Five cricket commentators and their favourite phrases

Benaud was a well-loved figure
Benaud was a well-loved figure

Cricket is one of those reassuring sports where long-time fans could take enormous comfort and solace in the fact that very little was likely to change. Beginning from the game’s very early history, idiosyncrasies became practices, which became rituals.

Once those rituals were established, they would not change merely for the sake of change. More recently, though, it seems cricket is afflicted by veritable moral perversion. The inviolable is being flouted – first-class games under lights, pink balls, talk of doing away with the toss.

Also Read: Rating India's Top 10 commentators

One thing that hasn’t changed, however, are the individuals who bring the game into our living rooms via television or radio. Over time, cricket commentators have developed a habit for a certain phrase, or a word or two, and these locations have become important parts of both their identity and of the image of cricket as a whole.

It is difficult to imagine these persons without thinking of their catchphrases; their appeal is not quite as pervasive as “What’s up, doc?” but fans take delight (or sometimes annoyance) when these phrases are spoken. Here are five commentators and their favourite phrases.

#1 Richie Benaud – “Morning, everyone”

Richie Benaud’s pure mastery over the art of commentary lay in his marvellous (pun mildly intended) economy of language delivered in pleasant, lilting tones. It is, therefore fitting that one of his most well-known phrases was so utterly simple. A fairly prosaic sounding morning greeting to tuned in fans sounded like a treat in the voice of the great Australian, no matter where you were in the world.

There was no drama, no great weight to his voice, no frills and in the matter of a single second it was over, but Benaud’s favourite uttering has become one of the best-loved rituals in cricket. He will continue to be missed.

#2 Ravi Shastri – “That went like a tracer bullet!”

Ravi Shastri has a love for tracer bullets unmatched by anyone else
Ravi Shastri has a love for tracer bullets unmatched by anyone else

Not all catchphrases in commentary have acquired the near-divine status of Benaud’s. Former Indian international Ravi Shastri is one of the most recognisable voices in the game today, but his dramatic, weighty utterances delivered in a booming voice have been light-heartedly been lampooned and poked fun at. It seems that all deliveries struck to the fence in Shastri’s world travel at the speed of a tracer bullet – with no exceptions.

Find the full list of all IPL 2021 commentators here.

Perhaps it is about time we added ‘tracer bullet’ as a measure of speed to the International System of Units.

#3 Bill Lawry – “Got him, yes!”

MELBOURNE, AUSTRALIA - FEBRUARY 15:  Bill Lawry speaks after being inducted into Hall of Fame during the 2010 Allan Border Medal at Crown Casino on February 15, 2010 in Melbourne, Australia.  (Photo by Robert Prezioso/Getty Images)
Bill Lawry followed up his great cricket career with a great commentary career

The former Australian captain Bill Lawry has many accolades to his name, including 13 Test hundreds, a 1-3 series win in India and the ‘privilege’ of being whitewashed by the last official South African side before their apartheid ban featuring Messrs Graeme Pollock and Barry Richards. He is also known for a long commentary career, during which he came to be identified with a set of simple but emphatic catchphrases.

Perhaps others were not like his exultant outburst when a player was dismissed. A simple cry of “Got him, yes!” was enough to put a seal on the success of a bowler’s mission.Combined with other phrases such as “It’s all happening!”, Lawry’s pronouncements have become memorable.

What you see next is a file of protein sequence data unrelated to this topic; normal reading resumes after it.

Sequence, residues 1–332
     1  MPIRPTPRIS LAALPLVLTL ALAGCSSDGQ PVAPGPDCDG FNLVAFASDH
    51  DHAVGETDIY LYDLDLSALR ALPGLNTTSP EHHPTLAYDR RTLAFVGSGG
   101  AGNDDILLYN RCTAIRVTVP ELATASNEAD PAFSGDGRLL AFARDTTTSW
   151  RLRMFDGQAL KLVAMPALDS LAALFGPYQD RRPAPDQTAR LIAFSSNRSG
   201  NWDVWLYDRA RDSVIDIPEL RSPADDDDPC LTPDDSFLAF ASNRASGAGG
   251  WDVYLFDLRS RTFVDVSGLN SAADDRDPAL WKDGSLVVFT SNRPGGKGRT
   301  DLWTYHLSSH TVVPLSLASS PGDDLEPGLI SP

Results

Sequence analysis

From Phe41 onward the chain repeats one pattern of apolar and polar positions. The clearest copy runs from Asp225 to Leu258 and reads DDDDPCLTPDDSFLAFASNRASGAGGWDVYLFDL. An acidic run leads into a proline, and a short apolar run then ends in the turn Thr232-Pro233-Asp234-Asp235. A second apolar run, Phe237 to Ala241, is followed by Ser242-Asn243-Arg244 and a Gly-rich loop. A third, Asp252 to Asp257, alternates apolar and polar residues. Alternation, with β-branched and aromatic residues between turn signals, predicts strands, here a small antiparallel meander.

#4 Tony Greig – “All the way for six!”

KINGSTON, JAMAICA - MARCH 10:  Former England Cricket Captain Tony Greig poses during the England net practice at the Sabina Park Cricket Ground on March 10, 2004 in Kingston, Jamaica. (Photo by Tom Shaw/Getty Images)
Tony Greig braved illness during his time in the world of cricket

Tony Greig was such a lively character in the little universe that cricket has carved for itself in the larger world outside. As a former England all-rounder and captain, Greig’s later work in the commentary box proved that his talents were manifold.

Also Read: 5 successful cricketers who braved illnesses and disabilities

His gravelly voice lent a unique quality to the commentary panel, and his excitement was infectious. When a batsman would play a particularly delightful stroke for maximum runs, Greig could often be heard suffixing “all the way for six!" to it, especially with a long, lowing, drawn out “all”.

#5 Geoffrey Boycott – “My mum/gran could have caught that in her pinny!”

LEEDS, ENGLAND - MAY 21:  Former Yorkshire and England batsman Geoffrey Boycott ahead of day three of the 1st Investec Test match at Headingley on May 20, 2016 in Leeds, England.  (Photo by Gareth Copley/Getty Images)
Boycott is one of the most recognisable figures in commentary

The former England opening batsman Geoffrey Boycott enjoyed a long career at the top of the England and Yorkshire batting orders and found, remarkably, almost equal success in the commentary box - if only for the gems that were his favourite phrases that have been repeated and good-naturedly reinvented.

The elder female members of Boycott's family, if one was to believe what the man himself said on the mic, were excellent, international standard fielders who would simply gobble up chances most others would miss. A ‘pinny’ is a sleeveless piece of clothing that is worn on top of other clothes for protective and/or decorative reasons, like an apron. Given than the ladies wouldn’t even need to use their hands, one wonders why England did not contact them to represent their country on the cricket field.

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